Thursday 25 April 2013

Richard Stark's Parker Novels Series: The Allison & Busby Hardback Collection, feat. The Black Ice Score, 1986 (a Westlake Score)

Early in 2010, when my secondhand book collecting – an interest which had only really been kindled the year before – was gathering pace and Existential Ennui was drifting towards its eventual destination as – and stop me if you've heard this one before – an increasingly circumlocutory chronicle of what has since become, let's be frank, a flaming obsession, I decided to finally try The Hunter, the first novel in Richard Stark's twenty-four book series starring taciturn heister Parker. I'd been thinking about it for a while before that, having long been an admirer of John Boorman's 1967 film adaptation of The Hunter, Point Blank; indeed it was in the British Coronet movie tie-in paperback edition – a slightly scruffy copy since replaced with a rather nicer one – that I eventually read The Hunter – retitled, accordingly, as Point Blank.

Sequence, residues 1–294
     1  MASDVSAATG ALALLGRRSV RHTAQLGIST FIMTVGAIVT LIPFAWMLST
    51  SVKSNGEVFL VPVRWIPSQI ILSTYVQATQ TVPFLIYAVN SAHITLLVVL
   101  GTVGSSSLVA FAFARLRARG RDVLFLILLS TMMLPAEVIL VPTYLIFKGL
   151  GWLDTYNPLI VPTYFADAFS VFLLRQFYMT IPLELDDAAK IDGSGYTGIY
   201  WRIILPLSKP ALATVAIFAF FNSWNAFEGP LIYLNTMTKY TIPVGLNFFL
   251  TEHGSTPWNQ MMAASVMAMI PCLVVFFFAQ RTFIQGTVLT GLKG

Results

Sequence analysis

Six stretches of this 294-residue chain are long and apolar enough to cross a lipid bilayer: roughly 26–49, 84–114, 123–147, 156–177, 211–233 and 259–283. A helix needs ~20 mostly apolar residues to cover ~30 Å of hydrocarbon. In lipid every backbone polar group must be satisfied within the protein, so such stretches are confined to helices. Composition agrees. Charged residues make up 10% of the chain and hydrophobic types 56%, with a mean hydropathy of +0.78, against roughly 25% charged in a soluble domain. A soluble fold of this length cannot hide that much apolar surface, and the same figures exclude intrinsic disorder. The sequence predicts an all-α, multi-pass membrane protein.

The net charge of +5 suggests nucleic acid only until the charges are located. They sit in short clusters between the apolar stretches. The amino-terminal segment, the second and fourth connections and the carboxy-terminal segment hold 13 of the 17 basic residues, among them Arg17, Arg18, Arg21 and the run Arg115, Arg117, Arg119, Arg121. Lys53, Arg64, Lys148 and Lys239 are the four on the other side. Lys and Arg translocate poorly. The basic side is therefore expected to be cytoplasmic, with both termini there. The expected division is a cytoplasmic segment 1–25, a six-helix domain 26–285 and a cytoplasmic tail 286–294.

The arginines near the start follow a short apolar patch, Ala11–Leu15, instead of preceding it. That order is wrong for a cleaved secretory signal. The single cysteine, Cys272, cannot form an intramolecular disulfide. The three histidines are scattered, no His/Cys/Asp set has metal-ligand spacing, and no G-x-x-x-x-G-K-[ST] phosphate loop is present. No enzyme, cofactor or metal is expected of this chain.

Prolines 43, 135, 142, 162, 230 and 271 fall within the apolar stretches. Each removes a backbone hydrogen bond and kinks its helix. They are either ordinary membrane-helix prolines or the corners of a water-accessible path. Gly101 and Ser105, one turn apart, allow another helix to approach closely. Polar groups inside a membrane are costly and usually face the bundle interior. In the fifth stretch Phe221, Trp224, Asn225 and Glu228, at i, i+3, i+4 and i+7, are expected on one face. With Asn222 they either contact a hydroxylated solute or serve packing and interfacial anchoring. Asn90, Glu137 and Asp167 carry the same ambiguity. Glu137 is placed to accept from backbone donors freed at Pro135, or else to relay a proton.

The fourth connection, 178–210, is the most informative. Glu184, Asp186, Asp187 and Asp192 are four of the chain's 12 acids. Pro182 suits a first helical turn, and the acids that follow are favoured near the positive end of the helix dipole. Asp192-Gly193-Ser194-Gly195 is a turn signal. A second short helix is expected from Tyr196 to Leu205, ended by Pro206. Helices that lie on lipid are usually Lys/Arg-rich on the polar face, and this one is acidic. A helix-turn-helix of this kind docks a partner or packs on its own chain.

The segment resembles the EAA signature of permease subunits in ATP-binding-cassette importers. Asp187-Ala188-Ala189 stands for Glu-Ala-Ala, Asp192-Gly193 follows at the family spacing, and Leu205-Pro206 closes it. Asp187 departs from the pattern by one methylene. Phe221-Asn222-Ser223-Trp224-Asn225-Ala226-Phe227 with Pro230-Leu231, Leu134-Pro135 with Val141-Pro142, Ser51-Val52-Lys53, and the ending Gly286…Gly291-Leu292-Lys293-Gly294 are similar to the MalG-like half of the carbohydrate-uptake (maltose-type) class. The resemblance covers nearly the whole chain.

It was lust at first sight: stripped-back, brutally efficient prose; a cold-hearted protagonist as fascinating in his own way as another fictional career criminal I'd previously fallen for (Tom Ripley, of Patricia Highsmith's Ripliad); and a structure whose seeming simplicity belied the clever tricks played by the narrative. In short order I bought and read a Coronet paperback of the next book in the series, The Man with the Getaway Face (or The Steel Hit as it was titled by Coronet), then a US Berkley paperback of the third Parker, The Outfit, and I was off to the races: like so many before me I had embarked on my own personal Parker odyssey. (Somewhere during that first flurry of books I learned that "Richard Stark" was a pen name, just one of many employed by Donald E. Westlake, thus instigating a larger, parallel odyssey... but that's another story.)